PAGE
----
Fall 2003 Math 308/501–502
2 FirstOrder Differential Equations
2.4 Exact Equations
2.5 Special Integrating Factors
Fri, 12/Sep
c 2003, Art Belmonte
Summary
A
differential form
in
x
and
y
is an expression of the type
w
=
P dx
+
Q dy
, where
P
and
Q
are functions of
x
and
y
.
Simple forms
dx
and
dy
are called
differentials
. The differential
form variant
P dx
+
Q dy
=
0 is simply another way of writing
the differential equation
P
+
Q
dy
dx
=
0. They have the same
solutions, implicitly expressed as
F
(
x
,
y
)
=
C
. The level curves
(level sets in the
xy
plane) so defined are termed
integral curves
.
Let
g
=
[
x
,
y
]. Recall from Calc 3 that the (total) differential of a
continuously differentiable function
f
is the differential form
d f
=
E
∇
f
·
d
g
=
f
x
,
f
y
·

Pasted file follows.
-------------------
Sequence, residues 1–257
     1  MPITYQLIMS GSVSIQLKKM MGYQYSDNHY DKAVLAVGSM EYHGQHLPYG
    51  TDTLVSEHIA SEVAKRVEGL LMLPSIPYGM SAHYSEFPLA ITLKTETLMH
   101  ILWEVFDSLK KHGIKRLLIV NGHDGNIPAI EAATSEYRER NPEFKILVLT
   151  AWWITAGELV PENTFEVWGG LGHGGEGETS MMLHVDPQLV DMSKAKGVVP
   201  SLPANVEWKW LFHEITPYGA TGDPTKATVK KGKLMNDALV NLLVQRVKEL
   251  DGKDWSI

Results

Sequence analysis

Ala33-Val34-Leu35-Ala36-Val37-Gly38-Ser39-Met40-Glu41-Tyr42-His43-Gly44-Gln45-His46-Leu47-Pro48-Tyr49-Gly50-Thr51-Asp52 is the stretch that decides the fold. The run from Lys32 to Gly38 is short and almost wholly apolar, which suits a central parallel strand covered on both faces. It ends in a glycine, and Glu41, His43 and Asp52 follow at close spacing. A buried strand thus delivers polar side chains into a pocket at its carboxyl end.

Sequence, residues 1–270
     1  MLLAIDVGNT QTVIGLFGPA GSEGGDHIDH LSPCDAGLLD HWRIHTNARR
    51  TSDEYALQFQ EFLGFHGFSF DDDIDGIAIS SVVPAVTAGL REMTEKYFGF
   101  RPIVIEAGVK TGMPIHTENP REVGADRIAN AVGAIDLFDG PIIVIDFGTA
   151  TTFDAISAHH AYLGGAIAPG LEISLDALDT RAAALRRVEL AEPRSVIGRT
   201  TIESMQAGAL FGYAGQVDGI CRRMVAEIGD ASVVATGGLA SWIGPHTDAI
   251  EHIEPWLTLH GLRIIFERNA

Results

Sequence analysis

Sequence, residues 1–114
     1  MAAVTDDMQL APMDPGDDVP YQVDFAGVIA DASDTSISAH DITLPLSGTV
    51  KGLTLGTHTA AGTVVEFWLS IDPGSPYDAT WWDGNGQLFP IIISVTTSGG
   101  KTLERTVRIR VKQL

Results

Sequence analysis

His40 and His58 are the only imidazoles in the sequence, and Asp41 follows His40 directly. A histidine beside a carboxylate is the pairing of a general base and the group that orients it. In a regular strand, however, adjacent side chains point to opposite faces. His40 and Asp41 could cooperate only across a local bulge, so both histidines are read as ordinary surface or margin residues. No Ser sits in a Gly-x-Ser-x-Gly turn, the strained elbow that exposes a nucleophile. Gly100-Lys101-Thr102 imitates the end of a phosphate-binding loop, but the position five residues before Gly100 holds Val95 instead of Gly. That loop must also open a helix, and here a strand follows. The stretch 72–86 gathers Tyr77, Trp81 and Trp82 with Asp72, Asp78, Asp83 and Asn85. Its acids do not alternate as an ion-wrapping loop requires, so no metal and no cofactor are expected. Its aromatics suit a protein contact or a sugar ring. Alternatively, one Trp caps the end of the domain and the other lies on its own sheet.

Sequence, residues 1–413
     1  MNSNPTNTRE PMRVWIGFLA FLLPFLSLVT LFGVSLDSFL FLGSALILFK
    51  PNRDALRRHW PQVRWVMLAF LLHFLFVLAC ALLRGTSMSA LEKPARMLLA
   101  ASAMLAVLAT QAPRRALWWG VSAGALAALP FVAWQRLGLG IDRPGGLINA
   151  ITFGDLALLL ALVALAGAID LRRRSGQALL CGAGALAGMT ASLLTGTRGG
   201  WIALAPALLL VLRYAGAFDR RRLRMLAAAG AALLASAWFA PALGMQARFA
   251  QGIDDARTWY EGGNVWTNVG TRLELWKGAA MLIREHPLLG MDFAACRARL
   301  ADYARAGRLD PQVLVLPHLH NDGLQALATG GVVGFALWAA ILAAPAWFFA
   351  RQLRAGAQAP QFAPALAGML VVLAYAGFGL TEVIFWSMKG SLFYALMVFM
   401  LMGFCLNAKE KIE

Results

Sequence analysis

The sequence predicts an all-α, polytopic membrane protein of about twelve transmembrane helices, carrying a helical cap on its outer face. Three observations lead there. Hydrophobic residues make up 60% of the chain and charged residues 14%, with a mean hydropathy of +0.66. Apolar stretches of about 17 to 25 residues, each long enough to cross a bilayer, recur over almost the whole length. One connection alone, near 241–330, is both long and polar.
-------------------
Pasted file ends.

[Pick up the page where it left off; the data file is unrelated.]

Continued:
[
dx
,
dy
]
=
∂
f
∂
x
dx
+
∂
f
∂
y
dy
We say that a differential form
w
=
P dx
+
Q dy
is
exact
if it is
the differential of a continuously differentiable function
f
. (In this
case the DE
w
=
P dx
+
Q dy
=
0 is referred to as an
exact
differential equation
.) This is analogous (in the parlance of
vector calculus) to the vector field
w
=
[
P
,
Q
] being conservative
if and only if it is the gradient of a scalar potential function
f
; i.e.,
w
=
E
∇
f
. Accordingly, we may utilize familiar hand and machine
techniques from Calc 3 (in particular, Math 253) in this section.
Test for exactness
How can we test if a differential form
w
=
P dx
+
Q dy
is exact?
Phrased another way, how can we tell if the vector field
w
=
[
P
,
Q
] is conservative? From Calc 3, we just test to see if
P
y
=
Q
x
(under suitable hypotheses).
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 Spring '08
 comech
 Differential Equations, Equations, Factors, Derivative, Differential form, potential function, Art Belmonte

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